We recently spoke to Doka about how disenfranchised grief may be experienced by individuals with losses related to genetic identity, family separation, and family secrets. You may be vulnerable to it, he says, if, for example, you:
- find out that a family member is not genetically connected to you;
- discover the identity of your biological father only to find that he’s deceased;
- search for and find biological family members but are rejected by them; or
- you learn of the death of a biological family member who refused contact with you
In each of these cases, Doka observes, you’ve lost a relationship. “It may not be a relationship that you ever had, but you may have lost a fantasy of a relationship you wanted to have.” And when kinship roles are not recognized, he adds, the right to grieve is also not recognized.
Disenfranchised grief also comes into play when secrets prevent open communication, observes Kathleen R. Gilbert, PhD, professor emerita in the department of applied health science, Indiana University School of Public Health-Bloomington and an Association for Death Education and Counseling Fellow in Thanatology (FT). Furthermore, adoptees, donor conceived people, and NPEs (not parent expected or nonparental event) individuals often have fantasies of reconciliation and a desire to understand their origin stories. When they search and find that their biological parents have died or they contact living relatives who are nonresponsive, there’s a lot of grief involved. “A piece of what they need to know is not available,” says Doka. “We like to create stories about ourselves. We want to know where we were born and who raised us, but in some situations the narrative is incomplete.” When you don’t know how you began, he adds, it influences your sense of self, and there’s grief over the loss of identity.
For all these types of losses, it’s a good bet that few will stand with you in any rituals of mourning, because in many cases there are no such rituals. And when there are, such as the funeral of a birthparent with whom you had not reunited—the man who, while married, had an affair with your mother and later ignored your attempt to connect—you may be excluded or made to feel unwelcome. And if the birthfather you never had the opportunity to meet died, it’s not likely friends will acknowledge that you have cause to mourn, let alone send Hallmark cards or drop by with casseroles. It’s even less likely if you’ve only just discovered—at the same time you learned who your birthfather was—that he died some time ago. And there are no rituals for adoptees who mourn the parents they’ve never known and may never know or for donor conceived individuals who can’t locate their donors. In all of these situations, others may never understand your sadness and your sense of loss over someone you didn’t know and something that happened long ago.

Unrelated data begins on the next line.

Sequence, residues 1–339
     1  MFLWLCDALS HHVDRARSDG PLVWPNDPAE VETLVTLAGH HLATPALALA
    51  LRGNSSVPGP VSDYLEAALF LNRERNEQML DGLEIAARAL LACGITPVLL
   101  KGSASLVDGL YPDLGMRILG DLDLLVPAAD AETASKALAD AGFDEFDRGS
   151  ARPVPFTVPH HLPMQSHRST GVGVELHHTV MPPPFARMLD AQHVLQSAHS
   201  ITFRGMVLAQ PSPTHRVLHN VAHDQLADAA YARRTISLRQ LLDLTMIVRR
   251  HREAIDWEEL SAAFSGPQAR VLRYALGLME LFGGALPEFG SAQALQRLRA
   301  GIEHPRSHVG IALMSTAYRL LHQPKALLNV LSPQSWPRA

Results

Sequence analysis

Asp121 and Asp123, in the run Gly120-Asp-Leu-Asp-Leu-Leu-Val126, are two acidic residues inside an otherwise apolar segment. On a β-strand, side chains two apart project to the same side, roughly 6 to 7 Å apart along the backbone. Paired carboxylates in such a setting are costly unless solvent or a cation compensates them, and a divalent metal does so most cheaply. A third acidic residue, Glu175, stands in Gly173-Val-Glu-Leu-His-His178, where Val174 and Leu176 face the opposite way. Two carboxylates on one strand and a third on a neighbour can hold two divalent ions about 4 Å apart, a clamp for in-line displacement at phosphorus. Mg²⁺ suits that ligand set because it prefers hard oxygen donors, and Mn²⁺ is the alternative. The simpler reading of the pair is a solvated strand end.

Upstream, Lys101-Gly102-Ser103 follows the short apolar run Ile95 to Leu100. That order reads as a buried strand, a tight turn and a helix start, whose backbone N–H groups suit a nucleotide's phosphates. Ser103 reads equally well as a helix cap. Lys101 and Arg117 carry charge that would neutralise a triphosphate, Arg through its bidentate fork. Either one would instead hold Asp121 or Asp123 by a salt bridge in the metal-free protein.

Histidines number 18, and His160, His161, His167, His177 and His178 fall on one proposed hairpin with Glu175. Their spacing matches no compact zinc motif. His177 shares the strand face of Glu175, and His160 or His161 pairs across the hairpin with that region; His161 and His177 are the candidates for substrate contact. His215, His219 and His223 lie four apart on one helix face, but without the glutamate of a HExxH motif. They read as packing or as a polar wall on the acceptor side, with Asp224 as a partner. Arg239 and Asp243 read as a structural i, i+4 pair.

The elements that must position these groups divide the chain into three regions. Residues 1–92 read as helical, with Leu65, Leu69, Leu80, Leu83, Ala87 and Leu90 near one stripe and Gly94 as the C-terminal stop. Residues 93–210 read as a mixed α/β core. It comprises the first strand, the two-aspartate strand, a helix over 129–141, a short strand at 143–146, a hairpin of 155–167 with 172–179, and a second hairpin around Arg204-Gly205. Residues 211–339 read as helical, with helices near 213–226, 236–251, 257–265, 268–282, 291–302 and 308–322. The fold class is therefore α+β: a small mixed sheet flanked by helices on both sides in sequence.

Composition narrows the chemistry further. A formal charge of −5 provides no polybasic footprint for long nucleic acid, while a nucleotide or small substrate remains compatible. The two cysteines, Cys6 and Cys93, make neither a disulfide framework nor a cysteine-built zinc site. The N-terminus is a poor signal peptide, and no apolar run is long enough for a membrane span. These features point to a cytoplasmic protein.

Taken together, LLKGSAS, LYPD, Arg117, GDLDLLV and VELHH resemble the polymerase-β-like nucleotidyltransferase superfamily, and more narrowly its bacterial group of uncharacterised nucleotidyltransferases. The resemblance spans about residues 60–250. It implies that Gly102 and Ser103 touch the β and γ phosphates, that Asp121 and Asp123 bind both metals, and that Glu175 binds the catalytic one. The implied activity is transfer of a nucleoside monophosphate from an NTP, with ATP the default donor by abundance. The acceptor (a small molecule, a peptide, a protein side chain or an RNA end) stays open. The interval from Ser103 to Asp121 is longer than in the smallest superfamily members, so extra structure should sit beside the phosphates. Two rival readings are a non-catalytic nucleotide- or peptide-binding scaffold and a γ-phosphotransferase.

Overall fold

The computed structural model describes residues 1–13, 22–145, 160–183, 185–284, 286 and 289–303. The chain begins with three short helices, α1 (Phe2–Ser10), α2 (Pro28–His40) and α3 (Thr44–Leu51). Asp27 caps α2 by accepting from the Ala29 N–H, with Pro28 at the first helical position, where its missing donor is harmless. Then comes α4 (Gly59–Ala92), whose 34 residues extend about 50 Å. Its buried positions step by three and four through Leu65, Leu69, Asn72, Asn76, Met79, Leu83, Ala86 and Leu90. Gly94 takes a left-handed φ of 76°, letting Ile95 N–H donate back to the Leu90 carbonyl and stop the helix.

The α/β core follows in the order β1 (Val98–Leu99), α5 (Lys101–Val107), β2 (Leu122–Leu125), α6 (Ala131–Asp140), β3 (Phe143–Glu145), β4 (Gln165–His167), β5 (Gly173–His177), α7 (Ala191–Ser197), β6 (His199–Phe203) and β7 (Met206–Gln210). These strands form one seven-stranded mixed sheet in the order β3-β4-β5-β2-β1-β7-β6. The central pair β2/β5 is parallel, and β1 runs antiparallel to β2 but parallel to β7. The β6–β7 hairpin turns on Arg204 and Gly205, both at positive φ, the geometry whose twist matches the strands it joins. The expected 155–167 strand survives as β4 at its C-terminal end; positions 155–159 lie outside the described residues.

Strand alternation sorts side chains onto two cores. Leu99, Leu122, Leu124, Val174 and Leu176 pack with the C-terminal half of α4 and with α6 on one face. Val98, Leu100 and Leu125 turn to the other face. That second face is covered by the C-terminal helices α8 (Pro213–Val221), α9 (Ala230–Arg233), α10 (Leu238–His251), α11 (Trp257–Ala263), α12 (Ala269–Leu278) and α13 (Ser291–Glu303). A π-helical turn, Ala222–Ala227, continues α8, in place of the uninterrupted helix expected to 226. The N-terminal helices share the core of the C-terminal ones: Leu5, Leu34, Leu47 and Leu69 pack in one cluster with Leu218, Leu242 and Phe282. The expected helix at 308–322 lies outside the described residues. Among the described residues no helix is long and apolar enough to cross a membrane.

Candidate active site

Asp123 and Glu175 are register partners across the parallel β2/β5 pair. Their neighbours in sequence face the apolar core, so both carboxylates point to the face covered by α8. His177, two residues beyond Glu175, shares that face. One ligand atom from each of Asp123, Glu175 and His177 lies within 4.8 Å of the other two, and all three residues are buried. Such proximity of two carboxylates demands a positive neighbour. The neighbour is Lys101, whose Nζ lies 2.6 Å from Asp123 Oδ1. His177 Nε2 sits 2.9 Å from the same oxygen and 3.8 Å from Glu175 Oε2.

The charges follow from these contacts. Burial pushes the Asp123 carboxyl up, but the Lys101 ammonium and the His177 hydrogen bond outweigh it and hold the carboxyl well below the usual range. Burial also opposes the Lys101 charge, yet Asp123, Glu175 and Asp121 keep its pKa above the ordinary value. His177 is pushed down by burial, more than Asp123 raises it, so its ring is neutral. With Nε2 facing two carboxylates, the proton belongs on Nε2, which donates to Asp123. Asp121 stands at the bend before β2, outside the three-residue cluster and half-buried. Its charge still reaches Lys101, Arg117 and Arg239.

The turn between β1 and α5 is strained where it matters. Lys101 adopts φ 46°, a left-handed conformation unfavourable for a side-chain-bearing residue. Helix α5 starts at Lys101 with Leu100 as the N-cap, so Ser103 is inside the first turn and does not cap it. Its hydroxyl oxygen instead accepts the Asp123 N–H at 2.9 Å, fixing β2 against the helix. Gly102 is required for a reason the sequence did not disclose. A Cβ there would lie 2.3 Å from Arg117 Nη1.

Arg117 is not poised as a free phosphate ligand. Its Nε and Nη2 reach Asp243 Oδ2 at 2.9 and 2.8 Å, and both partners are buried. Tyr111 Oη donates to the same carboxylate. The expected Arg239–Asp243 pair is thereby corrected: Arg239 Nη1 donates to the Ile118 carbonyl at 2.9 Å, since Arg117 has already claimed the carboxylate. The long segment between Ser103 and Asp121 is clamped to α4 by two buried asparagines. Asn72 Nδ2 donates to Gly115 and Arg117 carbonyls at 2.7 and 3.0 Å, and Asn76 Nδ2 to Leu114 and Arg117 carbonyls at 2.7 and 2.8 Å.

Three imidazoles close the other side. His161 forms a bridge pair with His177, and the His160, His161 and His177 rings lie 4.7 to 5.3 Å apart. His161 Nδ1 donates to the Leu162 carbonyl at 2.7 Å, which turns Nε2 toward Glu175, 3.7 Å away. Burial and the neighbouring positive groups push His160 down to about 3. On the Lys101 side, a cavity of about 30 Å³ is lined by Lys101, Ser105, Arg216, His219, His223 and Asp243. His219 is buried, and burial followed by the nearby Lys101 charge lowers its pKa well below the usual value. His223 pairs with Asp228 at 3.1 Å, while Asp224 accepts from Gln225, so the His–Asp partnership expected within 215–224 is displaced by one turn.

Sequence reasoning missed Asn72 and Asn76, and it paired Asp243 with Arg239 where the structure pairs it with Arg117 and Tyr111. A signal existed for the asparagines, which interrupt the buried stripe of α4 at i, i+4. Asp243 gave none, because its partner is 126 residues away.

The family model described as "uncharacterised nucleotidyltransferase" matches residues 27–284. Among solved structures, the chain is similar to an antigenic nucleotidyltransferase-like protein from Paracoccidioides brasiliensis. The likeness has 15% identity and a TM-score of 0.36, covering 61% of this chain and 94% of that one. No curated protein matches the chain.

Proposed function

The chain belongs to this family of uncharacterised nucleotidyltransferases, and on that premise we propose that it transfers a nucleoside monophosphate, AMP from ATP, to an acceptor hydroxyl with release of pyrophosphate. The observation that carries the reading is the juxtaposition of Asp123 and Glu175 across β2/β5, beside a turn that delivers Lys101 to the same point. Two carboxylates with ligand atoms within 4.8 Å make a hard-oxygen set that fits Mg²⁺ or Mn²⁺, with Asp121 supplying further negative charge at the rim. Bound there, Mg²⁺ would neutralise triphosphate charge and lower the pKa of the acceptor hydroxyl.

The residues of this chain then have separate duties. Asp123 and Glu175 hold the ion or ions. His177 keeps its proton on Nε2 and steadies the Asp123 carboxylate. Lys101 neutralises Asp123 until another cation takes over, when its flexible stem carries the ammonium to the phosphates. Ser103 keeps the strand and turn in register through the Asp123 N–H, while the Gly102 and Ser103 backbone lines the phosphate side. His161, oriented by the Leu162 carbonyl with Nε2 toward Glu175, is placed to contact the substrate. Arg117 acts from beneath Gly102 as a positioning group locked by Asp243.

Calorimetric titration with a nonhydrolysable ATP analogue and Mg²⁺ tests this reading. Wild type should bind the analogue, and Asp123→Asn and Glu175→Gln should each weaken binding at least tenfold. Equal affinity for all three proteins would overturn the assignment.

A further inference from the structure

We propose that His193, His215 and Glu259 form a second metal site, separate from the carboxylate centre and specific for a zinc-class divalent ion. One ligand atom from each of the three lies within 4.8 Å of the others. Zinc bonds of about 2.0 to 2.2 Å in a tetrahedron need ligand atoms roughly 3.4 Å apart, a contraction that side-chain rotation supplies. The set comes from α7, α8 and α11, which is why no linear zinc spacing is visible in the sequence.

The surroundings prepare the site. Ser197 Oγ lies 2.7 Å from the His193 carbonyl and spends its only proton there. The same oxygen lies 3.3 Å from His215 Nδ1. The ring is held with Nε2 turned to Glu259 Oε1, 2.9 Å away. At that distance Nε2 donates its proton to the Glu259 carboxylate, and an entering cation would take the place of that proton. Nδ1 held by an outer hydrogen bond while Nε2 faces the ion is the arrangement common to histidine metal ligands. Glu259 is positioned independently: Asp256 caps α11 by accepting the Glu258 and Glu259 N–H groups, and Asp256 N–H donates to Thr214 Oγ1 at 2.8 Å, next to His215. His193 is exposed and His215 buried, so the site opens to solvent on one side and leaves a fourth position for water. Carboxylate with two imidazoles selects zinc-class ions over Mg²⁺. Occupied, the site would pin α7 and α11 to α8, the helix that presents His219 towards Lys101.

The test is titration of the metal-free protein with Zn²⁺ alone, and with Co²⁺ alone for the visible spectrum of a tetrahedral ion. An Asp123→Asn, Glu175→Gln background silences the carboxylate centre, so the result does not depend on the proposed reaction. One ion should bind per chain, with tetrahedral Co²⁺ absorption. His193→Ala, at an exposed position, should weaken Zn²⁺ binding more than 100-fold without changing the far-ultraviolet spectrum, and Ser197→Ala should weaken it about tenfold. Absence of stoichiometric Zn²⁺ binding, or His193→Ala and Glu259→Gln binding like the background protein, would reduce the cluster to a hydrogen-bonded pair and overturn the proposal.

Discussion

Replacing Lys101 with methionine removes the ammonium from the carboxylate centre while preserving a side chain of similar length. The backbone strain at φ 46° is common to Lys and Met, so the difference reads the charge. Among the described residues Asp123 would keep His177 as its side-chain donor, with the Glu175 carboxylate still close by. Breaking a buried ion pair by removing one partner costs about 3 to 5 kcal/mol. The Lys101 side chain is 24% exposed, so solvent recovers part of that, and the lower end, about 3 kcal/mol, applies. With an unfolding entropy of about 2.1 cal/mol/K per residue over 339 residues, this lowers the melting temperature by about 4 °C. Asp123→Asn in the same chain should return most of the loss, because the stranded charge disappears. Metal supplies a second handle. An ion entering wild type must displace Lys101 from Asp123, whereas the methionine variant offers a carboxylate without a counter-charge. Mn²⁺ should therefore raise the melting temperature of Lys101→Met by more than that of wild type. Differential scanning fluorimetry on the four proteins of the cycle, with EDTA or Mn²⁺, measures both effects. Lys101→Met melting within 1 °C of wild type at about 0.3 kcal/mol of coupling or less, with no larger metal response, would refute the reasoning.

You—and those around you—may not believe you have the need or right to grieve for a relationship that never existed, but the loss of the idea, the wish, the hope for a relationship is as painful as the actual loss of a loved one.
“There are losses here,” Gilbert agrees. If you were adopted, for example, she says, “You didn’t have just one loss, you had layer upon layer of losses.” About this grief you experience over not having known your biological family, she says, “You own it, you know it, you feel it. And then you have this social surround—all the people around you looking at you and saying, ‘I know it’s hard, but you should be grateful for everything you have, for having the knowledge you have.” While there’s no reason for adopted individuals to feel gratitude, it’s not only expected but is also believed to erase any pain associated with the adoption experience. “And the thing is,” says Gilbert, “you may be very grateful, but that doesn’t mean you didn’t have a loss.”
Adoptees, furthermore, “are often told how lucky they were to get adopted, so they may feel disenfranchised from being able to mourn the loss of their birth/first parents,” adds JaeRan Kim, PhD, MSW, assistant professor of social work at the University of Washington Tacoma. And the feelings of donor conceived individuals may similarly be disrespected by those who suggest they not only should not feel loss but should consider themselves fortunate merely to exist.
What does it matter if others don’t understand? Social acknowledgement of losses is important, Gilbert says, because as social animals we require it. “It may be hard-wired into us to have those who support and care for us confirm the reality we’re trying to construct.” We don’t make sense of things ourselves, she explains. “We make sense in a social context. We play off of other people. We think about things and look at other people and see how they react to us.”